I will be attending the Arkansas Ethics Commission meeting on Wednesday (Dec. 18) as it considers a citizen complaint I filed against former State Rep. Hudson Hallum of Marion.
You may recall that Hallum, along with his father, were convicted and sentenced for conspiracy to commitment voter fraud in June involving primarily absentee ballots in the special election in 2011 when he was first elected.
You can read the letter from the Ethic Commission here with more details, but my complaint primarily involves a $50,000 loan which he originally disclosed as being made on June 1, 2011 from Fidelity National Bank of West Memphis. Subsequently, disclosure was never made regarding this or several other smaller loans. I wrote quite a bit about this during the election and followed up with Hallum the following February of 2012. At that time, he claimed the loan was a balloon loan and no payment was yet due. He also denied that he was under investigation on voter fraud, so we know how that turned out.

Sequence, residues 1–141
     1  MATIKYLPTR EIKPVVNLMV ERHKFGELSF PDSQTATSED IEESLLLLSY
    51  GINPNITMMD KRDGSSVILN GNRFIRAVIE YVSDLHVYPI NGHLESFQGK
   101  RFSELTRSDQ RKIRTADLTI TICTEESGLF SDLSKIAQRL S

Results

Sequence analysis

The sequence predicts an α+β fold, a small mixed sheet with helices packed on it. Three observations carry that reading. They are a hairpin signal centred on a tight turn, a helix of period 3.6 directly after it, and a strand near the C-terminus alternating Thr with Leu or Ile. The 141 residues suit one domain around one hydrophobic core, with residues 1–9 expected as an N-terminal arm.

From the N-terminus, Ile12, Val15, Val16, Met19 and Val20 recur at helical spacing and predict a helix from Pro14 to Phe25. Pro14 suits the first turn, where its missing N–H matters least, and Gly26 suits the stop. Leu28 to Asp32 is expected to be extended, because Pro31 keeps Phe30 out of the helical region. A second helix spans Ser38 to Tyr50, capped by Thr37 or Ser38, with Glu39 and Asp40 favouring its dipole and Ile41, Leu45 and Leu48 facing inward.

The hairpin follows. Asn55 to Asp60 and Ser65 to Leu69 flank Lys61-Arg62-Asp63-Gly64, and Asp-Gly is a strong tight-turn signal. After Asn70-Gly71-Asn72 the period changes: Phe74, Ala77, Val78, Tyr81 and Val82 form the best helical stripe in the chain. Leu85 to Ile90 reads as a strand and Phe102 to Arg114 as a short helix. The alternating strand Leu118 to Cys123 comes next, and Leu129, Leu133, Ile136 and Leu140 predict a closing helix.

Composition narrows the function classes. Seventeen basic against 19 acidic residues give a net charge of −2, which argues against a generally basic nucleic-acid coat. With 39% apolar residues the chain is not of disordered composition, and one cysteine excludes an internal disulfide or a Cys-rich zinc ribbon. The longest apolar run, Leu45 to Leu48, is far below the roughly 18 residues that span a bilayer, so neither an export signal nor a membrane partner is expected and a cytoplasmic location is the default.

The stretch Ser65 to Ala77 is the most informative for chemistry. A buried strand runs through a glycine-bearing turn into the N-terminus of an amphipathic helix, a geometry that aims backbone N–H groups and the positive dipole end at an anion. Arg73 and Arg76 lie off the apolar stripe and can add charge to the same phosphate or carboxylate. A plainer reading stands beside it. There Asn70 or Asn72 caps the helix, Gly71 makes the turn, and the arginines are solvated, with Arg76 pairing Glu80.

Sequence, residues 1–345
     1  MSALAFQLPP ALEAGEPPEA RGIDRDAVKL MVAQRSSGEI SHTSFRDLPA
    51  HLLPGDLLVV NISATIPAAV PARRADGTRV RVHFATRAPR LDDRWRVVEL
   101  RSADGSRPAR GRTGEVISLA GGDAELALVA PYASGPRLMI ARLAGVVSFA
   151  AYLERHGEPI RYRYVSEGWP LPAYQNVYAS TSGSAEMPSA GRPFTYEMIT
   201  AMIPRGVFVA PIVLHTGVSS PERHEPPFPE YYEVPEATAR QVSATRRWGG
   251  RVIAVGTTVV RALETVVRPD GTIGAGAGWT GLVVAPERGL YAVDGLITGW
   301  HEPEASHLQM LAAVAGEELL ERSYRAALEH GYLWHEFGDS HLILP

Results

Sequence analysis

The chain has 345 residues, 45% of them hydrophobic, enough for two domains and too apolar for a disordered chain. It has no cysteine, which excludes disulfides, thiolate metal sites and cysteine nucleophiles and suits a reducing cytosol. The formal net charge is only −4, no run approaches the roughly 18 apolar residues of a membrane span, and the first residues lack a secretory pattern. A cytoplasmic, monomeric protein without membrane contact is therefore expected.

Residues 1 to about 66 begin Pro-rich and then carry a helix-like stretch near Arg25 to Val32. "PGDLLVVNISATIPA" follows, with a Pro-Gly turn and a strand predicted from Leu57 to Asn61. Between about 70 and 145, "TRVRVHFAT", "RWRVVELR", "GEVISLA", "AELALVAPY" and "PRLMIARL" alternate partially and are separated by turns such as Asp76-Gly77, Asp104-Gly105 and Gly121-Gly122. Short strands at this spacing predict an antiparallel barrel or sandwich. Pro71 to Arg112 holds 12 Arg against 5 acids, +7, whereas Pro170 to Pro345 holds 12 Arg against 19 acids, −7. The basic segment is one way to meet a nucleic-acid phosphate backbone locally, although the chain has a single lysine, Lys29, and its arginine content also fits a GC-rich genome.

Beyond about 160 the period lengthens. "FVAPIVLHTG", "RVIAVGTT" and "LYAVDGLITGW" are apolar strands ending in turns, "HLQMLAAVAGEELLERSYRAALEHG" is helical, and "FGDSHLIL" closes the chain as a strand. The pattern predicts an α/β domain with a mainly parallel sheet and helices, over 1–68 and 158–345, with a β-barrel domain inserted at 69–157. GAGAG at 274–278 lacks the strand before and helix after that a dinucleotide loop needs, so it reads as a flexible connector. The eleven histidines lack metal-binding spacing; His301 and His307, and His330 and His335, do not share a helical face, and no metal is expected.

After numerous attempts to follow up again with Hallum regarding the repayment of this loan, I finally decided filing a citizen complaint was my only route. And after two years of not reporting any activity, it seemed unlikely the bank would let him walk away without any payments on a $50,000 loan.
Interestingly, Hallum filed a new debt retirement report as well as 8 amended reports with the Secretary of State last Friday. Among his changes on the amendments was a re-characterization of his $50,000 from being made by Fidelity to being made by his father, Kent Hallum. Originally, he told me this was a bank loan with his father listed as a co-signer. He also filed a report showing he repaid the loan to his father by transferring $50,000 to a savings account in his sister’s name on January 28, 2013.
He also showed some additional expenditures on his amended reports, specifically $17,183.09 in consulting fees to Markham Group in 2011 that he originally had not disclosed. The lack of disclosure of this expenditure was noted in my complaint. He offset this new expenditure on his amended report with a new loan personal loan of $15,000.